Ask anyone in New Mexico what they think of the Affordable Care Act, and you are likely to get some strong opinions on one side or the other of the divisive legislation. Some love it, some hate it, and still others feel ambivalent or indifferent.
But whatever your opinions are on the politics of health care reform, one thing is for certain: it is changing way things are done in the medical field, and that in turn will have an effect on medical malpractice. What exactly those changes will look like, however, remains to be seen.
As of April of this year, about 2 million people who were previously uninsured had signed up for medical insurance through the health care exchanges established by the ACA. Over the next few years, the number of newly insured individuals in the U.S. is expected to grow more than tenfold, to about 22 million.
As more people become insured and gain access to the health care system, the total number of people receiving medical care is likely to increase substantially. With more medical services being provided, medical errors may increase simply as a matter of scale, even if the overall quality of care remains the same.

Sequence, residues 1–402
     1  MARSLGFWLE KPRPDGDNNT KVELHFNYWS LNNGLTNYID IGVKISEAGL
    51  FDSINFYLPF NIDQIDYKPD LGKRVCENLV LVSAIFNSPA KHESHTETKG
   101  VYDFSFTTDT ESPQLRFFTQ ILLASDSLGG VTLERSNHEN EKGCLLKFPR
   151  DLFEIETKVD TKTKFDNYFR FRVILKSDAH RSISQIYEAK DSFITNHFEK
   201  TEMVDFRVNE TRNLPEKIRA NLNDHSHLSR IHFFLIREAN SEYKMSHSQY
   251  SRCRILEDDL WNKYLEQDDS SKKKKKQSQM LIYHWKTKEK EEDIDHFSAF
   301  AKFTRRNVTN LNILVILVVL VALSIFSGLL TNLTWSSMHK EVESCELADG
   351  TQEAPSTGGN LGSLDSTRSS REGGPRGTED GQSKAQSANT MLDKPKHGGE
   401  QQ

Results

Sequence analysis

Another potential side effect of the ACA is that increasing the number of patients could place additional strain on a system that is used to accommodating far fewer people. Unless the health care industry itself grows as quickly as the number of people who will be using it — which appears to be unlikely — this could lead to reduced quality of care across the board, at least until the system has a chance to catch up.
Source: Insurance Journal, “How Healthcare Reform Is Challenging Medical Malpractice,” June 16, 2014